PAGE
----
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For Whom the Bell Tolls

NCJ Number
Security Management Volume: 41 Issue: 11 Dated: November 1997 Pages: 60-63
J D Zwirn
Date Published
4 pages
This article reviews factors to be considered before deciding how to operate and monitor company alarm systems.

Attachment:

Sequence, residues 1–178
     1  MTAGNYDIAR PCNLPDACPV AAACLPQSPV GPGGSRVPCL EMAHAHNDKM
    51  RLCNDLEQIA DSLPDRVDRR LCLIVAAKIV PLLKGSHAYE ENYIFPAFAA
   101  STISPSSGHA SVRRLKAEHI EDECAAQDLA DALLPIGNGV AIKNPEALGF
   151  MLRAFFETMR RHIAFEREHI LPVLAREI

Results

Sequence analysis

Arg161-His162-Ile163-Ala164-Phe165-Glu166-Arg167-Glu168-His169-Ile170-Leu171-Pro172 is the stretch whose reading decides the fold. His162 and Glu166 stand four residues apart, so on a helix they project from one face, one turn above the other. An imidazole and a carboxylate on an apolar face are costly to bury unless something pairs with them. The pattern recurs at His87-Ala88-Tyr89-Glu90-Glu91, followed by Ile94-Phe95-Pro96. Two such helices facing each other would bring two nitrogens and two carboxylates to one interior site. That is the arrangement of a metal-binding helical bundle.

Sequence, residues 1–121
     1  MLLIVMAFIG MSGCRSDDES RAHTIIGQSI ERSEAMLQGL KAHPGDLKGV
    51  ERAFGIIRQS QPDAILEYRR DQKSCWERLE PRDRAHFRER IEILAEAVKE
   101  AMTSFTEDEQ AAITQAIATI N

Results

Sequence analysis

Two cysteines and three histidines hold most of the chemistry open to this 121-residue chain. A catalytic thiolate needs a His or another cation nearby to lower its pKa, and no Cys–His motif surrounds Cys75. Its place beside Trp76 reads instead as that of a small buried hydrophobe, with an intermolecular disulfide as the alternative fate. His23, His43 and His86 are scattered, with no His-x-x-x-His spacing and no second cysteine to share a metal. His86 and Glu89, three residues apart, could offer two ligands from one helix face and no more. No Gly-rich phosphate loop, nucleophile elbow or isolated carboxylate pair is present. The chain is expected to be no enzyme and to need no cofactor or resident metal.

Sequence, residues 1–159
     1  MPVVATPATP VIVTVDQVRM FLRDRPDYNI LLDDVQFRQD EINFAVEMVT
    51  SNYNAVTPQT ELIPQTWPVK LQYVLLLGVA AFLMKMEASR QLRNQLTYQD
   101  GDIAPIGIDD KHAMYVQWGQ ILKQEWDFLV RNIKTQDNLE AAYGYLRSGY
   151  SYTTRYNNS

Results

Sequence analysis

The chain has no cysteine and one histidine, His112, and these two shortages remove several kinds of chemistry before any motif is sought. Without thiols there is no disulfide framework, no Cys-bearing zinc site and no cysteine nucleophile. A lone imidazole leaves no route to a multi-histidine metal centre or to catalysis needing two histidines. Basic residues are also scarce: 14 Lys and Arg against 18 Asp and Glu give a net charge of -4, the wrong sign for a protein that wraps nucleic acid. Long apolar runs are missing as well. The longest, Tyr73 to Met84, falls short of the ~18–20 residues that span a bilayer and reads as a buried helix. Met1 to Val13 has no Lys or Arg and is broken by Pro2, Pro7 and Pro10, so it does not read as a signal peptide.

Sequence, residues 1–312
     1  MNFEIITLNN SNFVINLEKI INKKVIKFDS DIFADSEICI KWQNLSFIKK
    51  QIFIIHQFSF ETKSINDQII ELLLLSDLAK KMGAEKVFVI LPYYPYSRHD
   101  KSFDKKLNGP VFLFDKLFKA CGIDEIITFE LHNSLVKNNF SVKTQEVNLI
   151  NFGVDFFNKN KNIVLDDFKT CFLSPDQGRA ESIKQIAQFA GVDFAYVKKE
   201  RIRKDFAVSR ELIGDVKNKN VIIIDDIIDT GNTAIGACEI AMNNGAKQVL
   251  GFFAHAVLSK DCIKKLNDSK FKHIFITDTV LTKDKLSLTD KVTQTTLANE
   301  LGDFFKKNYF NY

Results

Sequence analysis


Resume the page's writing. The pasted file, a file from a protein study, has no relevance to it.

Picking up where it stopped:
Companies must consider many factors in addition to cost when deciding whether to monitor alarms from an in-house or third-party monitoring station. Considerations might include the level of sophistication of a vendor's monitoring and surveillance equipment and whether or not the monitoring station has been listed by Underwriters Laboratories, Inc. The company's security manager should conduct a due diligence investigation of a vendor and its officers to determine the vendor's financial condition and whether it has had any legal or insurance claims filed against it over the past 5 years. The security manager should ask for an escape clause that will allow his company to withdraw from the agreement if the monitoring service is sold to another business. The security manager should also determine what type of training operators receive, and should test monitoring equipment. The primary advantage of an in-house station is that the company has complete control over all phases of the operation and the facility.